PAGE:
Heartleaf – Brunnera macrophylla

Heartleaf - Brunnera macrophylla

How many gardeners have wished for a lovely perennial that would naturalize in a shady spot where only weeds seemed to grow? Brunnera macrophylla is that plant.

Brunnera’s flowers are a looalmost Forget-Me-Nots look alikes for they both have the showy true-blue, tiny blooms with a yellow/white center and are often called False Forget-Me-Nots. Here the resemblance stops for Brunnera is a strong, not fussy, long-lived excellent perennial for zone-three western gardens while Forget-Me-Nots acts like an annual, creeps on the ground and has mildew problems. Brunnera is so carefree it can be used as a replacement for Hosta and will not attract snails.

Heartleaf - Brunerra

Brunnera breaks dormancy early in spring and forms a charming clump of small heart-shaped leaves. As the days warm, the branched slender stems start to rise above the clump and will wind their way through and above the Tulips, Jacob’s Ladders, Hosta or other neighboring shade plants. The graceful blooms open and the shade garden becomes a breathtaking blue-lace delight. As the season progresses and the blooms fade, the stems can be cut off at the basal plant clump or left to seed, which only happens rarely. The rhizomatous clump will slowly spread into a thick ground cover, one-foot tall and two-feet wide. The leaves as they mature, enlarge becoming even more perfectly-shaped hearts, thus the common name Heartleaf.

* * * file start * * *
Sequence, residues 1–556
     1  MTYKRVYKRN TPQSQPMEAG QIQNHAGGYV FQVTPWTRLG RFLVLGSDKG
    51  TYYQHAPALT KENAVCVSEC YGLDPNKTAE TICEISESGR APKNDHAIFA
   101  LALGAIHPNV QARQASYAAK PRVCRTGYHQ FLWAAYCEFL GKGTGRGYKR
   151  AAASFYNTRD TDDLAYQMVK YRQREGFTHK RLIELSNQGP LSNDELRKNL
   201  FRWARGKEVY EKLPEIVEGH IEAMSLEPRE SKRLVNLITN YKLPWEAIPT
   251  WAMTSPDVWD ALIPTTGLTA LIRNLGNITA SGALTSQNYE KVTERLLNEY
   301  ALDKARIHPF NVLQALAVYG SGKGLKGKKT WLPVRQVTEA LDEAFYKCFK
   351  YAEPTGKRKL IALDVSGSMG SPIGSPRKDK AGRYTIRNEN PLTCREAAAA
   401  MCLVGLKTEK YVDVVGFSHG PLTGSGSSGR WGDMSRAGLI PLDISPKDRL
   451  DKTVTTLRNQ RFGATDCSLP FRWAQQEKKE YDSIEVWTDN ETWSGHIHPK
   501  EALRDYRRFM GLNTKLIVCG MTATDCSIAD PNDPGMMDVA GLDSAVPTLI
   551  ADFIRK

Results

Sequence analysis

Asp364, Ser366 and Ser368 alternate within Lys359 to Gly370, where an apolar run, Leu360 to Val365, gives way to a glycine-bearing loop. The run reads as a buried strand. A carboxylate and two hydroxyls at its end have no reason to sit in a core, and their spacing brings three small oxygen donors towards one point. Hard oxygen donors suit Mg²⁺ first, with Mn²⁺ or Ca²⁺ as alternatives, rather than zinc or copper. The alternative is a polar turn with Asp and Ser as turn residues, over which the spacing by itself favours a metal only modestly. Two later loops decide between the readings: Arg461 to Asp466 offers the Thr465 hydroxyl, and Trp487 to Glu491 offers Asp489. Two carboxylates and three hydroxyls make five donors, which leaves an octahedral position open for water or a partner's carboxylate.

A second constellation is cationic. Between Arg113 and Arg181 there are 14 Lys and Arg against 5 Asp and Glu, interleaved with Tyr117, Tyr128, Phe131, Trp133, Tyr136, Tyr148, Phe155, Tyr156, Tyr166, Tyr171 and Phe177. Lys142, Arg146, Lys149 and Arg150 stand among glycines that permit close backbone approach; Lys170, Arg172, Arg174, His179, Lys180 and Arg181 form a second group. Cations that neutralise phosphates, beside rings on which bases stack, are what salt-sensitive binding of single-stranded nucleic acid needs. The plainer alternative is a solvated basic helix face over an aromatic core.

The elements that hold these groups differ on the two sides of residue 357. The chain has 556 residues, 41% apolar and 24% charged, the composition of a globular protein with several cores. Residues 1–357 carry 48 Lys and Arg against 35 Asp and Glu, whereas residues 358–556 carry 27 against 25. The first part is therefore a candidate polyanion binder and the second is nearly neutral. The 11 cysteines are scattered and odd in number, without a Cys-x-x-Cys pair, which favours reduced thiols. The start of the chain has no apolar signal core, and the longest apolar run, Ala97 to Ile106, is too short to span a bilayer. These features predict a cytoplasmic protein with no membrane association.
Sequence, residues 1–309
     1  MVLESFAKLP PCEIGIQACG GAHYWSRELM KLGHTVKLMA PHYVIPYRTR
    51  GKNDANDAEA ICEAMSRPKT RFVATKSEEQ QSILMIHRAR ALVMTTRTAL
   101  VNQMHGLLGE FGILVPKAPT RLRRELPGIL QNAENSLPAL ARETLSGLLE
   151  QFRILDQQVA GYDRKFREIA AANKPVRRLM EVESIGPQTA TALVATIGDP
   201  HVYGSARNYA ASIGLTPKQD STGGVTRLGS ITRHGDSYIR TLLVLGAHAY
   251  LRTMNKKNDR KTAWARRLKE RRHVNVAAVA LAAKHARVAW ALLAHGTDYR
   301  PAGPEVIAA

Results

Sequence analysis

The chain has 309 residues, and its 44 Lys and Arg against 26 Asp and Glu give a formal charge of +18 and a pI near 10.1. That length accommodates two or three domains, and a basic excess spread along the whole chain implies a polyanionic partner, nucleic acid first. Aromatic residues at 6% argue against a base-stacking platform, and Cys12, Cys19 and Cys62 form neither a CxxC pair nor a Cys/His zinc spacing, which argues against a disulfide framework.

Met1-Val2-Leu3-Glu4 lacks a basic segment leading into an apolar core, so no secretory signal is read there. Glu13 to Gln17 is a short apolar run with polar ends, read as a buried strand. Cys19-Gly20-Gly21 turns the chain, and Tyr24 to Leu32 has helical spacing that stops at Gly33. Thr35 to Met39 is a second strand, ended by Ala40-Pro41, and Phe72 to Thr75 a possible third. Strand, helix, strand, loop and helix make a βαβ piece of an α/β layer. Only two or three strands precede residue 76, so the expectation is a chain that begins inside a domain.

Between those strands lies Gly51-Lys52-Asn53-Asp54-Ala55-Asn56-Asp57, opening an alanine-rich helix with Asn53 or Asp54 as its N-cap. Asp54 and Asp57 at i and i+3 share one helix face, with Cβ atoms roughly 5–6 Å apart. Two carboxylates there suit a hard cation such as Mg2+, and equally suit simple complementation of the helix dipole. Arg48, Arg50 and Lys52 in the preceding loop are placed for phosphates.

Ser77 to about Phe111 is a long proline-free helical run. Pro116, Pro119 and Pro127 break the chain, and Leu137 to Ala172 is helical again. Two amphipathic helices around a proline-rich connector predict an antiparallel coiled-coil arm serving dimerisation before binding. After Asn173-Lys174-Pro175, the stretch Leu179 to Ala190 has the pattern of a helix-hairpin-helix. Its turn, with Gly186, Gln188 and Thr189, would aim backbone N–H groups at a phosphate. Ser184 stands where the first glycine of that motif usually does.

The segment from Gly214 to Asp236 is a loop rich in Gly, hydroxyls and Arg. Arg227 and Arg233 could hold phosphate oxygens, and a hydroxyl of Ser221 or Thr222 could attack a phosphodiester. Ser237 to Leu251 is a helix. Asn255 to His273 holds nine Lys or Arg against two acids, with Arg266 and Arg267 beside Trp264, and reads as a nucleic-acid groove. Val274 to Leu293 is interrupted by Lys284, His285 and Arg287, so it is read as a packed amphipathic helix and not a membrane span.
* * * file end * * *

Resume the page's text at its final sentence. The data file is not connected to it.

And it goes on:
Heartleaf Brunerra Macrophylla
The attractive foliage of “Heartleaf” shows how it gets its name.

Many new hybrid varieties of Brunnera macrophylla are showing up on the market but none have the endurance and easy care of the original macrophylla. Many have silver leaves with fine dark green veins and some of new hybrids have variegated foliage. The blooms are still the same on these hybrids, but they will not reseed.  The hybrids prefer acidic soils while the original macrophylla grows perfectly in a neutral alkaline soil. They have become so popular that the original Brunnera may be difficult to find. As usual, the tried-and-true plants that grow in the diverse climatic conditions of western mountains are forgotten. I lose the new hybrid Brunneras in my mountain gardens at Bear Lake, Idaho, so I keep the original plant available for my customers.

Photo: Walters Gardens
Photo: Walters Gardens

Growing Burnnera depends on its being in a partial-shade or shady spot with adequate water. If this shapely plant gets dried out the leaves will brown and crinkle and will need to be removed. Other than water, there is no fussing needed with Brunnera!

Brunnera Macrophylla – Growing Tips

Here are some terrific tips for growing Heartleaf from Susan at the “How Does Your Garden Grow” YouTube channel. She describes ways to use Brunnera in place of fussy cottage plants or plants like Hosta that tend to have more issues with slugs or snails.

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